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28Feb

Mineral Lien Claimant Must Establish Materials Were “Used In” Mineral Activities

ELG Oil, LLC v. Stranco Servs., LLC, No. 04-19-00088-CV, 2019 Tex. App. LEXIS 8946 (Tex. App.—San Antonio Oct. 9, 2019, no pet.)

In this case, the San Antonio Court of Appeals held that a mineral subcontractor claiming a mineral lien must conclusively establish that its labor, materials, machinery, and supplies were “used in” mineral activities, not merely “related to” mineral activities.

ELG entered into a contract with Turn-Key Specialists, Inc. to add natural gas bullet storage tanks to a treatment facility. Turn-Key then subcontracted to Stranco. Stranco was presumably not paid for its work, and Turn-Key filed for bankruptcy. Stranco filed suit against ELG, and moved for a partial summary judgment on its claim to foreclose on its alleged mineral lien. The trial court granted Stranco’s motion and awarded Stranco attorney’s fees.

Stranco contended that it was only required to prove that its labor and services were “related to” mineral activities. The court acknowledged that Section 56.002 of the Texas Property Code provides for mineral liens “to secure payment for labor or services related to the mineral activities.” However, the appellate court pointed out that Stranco must qualify as a “mineral subcontractor” in order to claim a lien, and the statutory definition of “mineral subcontractor” requires a mineral subcontractor “conclusively establish the labor and services it provided were ‘used in’ mineral activities.” The court also pointed out that “mineral activities” is defined, in pertinent part, as certain types of work “on oil or gas pipelines.”

The appellate court then turned to Stranco’s summary judgment evidence. Stranco primarily relied upon an affidavit from its owner, stating that Stranco performed mineral activities on ELG’s property, including work on the “pipelines and the pipeline terminal station” and furnishing materials “used in connection with … pipelines and the pipeline terminal station.”

The appellate court characterized Stranco’s affidavit as conclusory because it failed to provide any facts showing how Stranco’s work and materials on the bullet storage tanks were connected to the oil and gas pipelines. The court acknowledged that, to be “used in” mineral activities, the work did not have to be performed directly on the pipelines themselves, but Stranco’s summary judgment evidence failed to establish a link between the bullet storage tanks and the pipelines.

The failure to link Stranco’s work to the pipelines themselves was further exacerbated by ELG’s summary judgment evidence. ELG submitted two affidavits which described the work Stranco performed as being limited to the addition of bullet storage tanks within the facility, and not work on pipelines themselves. ELG’s affidavits further indicated that no pipelines that combine in the facility and the pipelines were actually segregated from the facility. The court explained that “we must resolve all doubts in favor of ELG.”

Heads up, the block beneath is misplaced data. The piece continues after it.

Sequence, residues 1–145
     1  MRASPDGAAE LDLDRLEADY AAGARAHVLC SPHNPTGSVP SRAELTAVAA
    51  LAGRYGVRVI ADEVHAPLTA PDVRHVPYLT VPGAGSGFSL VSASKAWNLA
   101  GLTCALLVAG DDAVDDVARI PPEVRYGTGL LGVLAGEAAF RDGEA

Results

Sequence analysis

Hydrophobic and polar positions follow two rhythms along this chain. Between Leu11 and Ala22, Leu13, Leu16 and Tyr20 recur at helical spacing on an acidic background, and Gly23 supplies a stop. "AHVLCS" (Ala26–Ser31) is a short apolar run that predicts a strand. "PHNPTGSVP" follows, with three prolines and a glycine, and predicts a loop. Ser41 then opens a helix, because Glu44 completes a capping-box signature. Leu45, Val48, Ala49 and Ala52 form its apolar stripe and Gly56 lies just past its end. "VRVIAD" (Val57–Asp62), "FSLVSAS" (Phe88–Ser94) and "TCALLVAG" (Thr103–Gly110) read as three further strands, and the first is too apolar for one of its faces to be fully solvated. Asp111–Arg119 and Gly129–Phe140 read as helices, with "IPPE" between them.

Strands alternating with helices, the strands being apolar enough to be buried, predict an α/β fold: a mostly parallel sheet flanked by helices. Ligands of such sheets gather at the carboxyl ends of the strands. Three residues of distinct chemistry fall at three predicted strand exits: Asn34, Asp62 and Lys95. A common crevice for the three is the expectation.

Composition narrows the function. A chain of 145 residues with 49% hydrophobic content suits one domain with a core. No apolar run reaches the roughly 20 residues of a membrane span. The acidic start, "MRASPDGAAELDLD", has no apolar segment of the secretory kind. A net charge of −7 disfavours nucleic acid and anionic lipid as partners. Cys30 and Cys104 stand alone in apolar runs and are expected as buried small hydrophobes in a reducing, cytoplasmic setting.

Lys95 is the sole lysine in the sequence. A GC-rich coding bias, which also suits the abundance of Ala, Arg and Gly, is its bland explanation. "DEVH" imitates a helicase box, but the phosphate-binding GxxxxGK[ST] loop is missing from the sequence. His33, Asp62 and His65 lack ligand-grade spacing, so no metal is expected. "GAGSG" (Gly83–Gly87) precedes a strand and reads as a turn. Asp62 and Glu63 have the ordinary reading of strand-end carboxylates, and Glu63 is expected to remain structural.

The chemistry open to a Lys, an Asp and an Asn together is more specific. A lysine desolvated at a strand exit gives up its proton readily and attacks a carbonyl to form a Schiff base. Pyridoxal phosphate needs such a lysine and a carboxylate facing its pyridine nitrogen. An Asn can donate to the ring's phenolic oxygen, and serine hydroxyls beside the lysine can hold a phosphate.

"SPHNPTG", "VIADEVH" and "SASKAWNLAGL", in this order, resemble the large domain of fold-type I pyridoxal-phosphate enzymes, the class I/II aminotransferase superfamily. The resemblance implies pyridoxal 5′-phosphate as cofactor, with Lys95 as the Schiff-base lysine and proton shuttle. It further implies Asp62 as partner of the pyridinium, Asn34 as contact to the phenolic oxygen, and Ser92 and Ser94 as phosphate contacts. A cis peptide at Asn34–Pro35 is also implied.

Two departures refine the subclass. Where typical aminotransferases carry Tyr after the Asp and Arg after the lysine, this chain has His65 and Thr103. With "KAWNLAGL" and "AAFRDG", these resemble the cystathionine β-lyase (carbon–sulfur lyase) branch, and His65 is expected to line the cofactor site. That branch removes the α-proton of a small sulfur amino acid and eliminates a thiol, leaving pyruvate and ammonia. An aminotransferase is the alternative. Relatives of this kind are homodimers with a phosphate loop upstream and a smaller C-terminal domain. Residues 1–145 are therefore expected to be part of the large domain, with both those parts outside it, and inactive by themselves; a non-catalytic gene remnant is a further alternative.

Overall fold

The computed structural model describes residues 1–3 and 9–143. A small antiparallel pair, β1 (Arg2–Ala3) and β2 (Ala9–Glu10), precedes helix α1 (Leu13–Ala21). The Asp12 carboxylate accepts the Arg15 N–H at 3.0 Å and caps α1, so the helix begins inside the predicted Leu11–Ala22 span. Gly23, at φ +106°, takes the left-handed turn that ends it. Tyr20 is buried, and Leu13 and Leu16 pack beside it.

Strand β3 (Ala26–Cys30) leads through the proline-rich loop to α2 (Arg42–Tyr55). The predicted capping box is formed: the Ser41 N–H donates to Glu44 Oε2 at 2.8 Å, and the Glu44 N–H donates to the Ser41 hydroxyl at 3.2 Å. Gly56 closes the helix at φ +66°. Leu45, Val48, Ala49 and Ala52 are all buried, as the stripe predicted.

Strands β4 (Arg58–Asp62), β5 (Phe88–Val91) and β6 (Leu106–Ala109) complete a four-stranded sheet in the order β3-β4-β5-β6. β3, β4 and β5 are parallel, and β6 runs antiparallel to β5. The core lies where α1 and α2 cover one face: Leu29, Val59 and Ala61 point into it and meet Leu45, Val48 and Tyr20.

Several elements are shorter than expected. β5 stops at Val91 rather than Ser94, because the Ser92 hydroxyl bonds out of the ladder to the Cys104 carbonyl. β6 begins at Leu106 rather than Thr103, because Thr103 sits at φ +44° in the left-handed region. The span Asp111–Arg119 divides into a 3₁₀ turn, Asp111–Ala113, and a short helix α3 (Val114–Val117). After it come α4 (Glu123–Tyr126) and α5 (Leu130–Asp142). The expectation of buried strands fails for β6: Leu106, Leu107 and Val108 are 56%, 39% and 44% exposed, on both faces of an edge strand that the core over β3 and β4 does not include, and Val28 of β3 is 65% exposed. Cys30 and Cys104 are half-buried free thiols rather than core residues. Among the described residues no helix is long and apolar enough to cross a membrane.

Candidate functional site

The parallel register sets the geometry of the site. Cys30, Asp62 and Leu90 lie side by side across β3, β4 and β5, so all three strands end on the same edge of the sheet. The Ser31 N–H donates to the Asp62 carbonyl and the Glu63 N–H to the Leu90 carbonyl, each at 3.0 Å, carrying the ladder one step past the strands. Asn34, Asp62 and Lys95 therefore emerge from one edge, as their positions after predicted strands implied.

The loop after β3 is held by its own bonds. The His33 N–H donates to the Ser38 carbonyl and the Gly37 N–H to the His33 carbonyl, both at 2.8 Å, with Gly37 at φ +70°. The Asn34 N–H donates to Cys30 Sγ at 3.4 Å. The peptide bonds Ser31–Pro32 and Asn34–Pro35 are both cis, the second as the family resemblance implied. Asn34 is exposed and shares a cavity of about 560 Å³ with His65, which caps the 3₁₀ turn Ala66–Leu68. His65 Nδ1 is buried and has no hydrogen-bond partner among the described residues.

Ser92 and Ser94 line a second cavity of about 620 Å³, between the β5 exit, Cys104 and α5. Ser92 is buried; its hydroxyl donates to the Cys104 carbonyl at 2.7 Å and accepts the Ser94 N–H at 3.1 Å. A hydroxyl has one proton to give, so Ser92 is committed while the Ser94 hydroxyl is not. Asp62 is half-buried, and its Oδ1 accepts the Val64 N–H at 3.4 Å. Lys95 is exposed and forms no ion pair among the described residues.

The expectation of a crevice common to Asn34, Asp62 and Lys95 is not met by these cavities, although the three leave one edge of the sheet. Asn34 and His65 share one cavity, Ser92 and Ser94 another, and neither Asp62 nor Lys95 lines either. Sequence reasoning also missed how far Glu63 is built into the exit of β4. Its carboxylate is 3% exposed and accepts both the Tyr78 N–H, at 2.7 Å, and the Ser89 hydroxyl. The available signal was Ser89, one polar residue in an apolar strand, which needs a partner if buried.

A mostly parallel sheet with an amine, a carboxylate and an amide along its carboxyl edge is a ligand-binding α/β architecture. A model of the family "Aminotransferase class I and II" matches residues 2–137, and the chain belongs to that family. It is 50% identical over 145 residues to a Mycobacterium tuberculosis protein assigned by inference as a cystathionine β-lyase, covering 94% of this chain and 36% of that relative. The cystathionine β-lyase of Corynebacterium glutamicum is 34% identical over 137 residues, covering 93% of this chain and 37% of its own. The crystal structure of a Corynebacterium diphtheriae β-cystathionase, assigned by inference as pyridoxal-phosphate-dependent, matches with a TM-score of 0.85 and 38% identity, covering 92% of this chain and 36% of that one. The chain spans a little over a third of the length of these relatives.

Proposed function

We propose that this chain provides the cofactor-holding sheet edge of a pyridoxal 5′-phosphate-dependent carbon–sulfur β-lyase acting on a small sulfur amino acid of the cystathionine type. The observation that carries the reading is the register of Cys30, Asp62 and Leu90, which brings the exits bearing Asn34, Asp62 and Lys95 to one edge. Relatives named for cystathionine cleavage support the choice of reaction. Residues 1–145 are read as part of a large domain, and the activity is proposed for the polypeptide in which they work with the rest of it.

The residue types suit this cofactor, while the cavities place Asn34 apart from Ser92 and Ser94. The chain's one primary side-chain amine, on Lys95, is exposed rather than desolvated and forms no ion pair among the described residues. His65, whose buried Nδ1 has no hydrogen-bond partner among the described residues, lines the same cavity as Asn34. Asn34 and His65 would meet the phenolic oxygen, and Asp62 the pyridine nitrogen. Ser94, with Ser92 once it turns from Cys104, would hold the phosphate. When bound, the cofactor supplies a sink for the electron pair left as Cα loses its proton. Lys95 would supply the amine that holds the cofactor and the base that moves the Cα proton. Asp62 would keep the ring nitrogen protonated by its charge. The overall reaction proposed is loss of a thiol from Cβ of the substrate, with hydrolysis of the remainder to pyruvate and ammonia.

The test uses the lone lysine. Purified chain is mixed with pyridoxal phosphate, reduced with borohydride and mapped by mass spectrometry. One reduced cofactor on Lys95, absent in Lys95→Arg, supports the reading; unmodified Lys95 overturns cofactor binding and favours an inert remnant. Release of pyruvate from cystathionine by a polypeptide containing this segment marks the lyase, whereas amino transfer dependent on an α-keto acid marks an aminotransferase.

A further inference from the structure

As a result, the San Antonio Court of Appeals held that the trial court erred in granting summary judgment in favor of Stranco, reversed the trial court’s judgment, and remanded the cause to the trial court for further proceedings.

26Feb

Class Certification Denied in Royalty Class Action Suit

Regmund v. Talisman Energy USA, Inc., No. 4:16-CV-02960, 2019 U.S. Dist. LEXIS 110363 (S.D. Tex. 2019)

The Plaintiffs, a putative class of lessors under oil and gas leases, brought claims against Talisman Energy USA, Inc. (“Talisman”) relating to Talisman’s “volumetric” method of calculating royalties. Some of the gas produced is “wet gas,” which requires stabilization prior to sale, which results in a reduction or “shrinkage” of the volume sold. Talisman commingled the production from numerous leases for processing at the stabilization facility, and then allocated the sales volumes back to individual leases on the basis of wellhead metered volumes (a “volumetric” allocation), and applied an estimate of overall shrinkage.

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21Feb

Buyer Not Entitled to Offset for Unpaid JIBs Mistakenly Omitted From Post-Closing Statement

Sundance Energy, Inc. v. NRP Oil & Gas LLP, 2019 Tex. App. LEXIS 7223 (Tex. App.—Houston [1st Dist.] Aug. 15, 2019, pet. filed)

This case out of the Houston First Court of Appeals involves a breach of retained liabilities provisions in a purchase and sale agreement, focusing on the legal and factual sufficiency of the jury’s damages award in light of its alleged failure to account for the seller’s evidence of an offset, whether the attorneys’ fees awarded by the trial court were reasonable and necessary, and whether it was an error for the court to admit evidence of attorneys’ fees in light of untimely disclosures.